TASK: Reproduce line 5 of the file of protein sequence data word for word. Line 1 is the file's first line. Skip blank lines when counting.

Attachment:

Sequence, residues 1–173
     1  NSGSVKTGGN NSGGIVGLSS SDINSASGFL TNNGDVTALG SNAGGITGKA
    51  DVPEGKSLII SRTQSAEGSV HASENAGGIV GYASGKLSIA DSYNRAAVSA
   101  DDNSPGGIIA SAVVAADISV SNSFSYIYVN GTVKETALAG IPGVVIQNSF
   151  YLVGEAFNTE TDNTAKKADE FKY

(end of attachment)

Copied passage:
   151  YLVGEAFNTE TDNTAKKADE FKY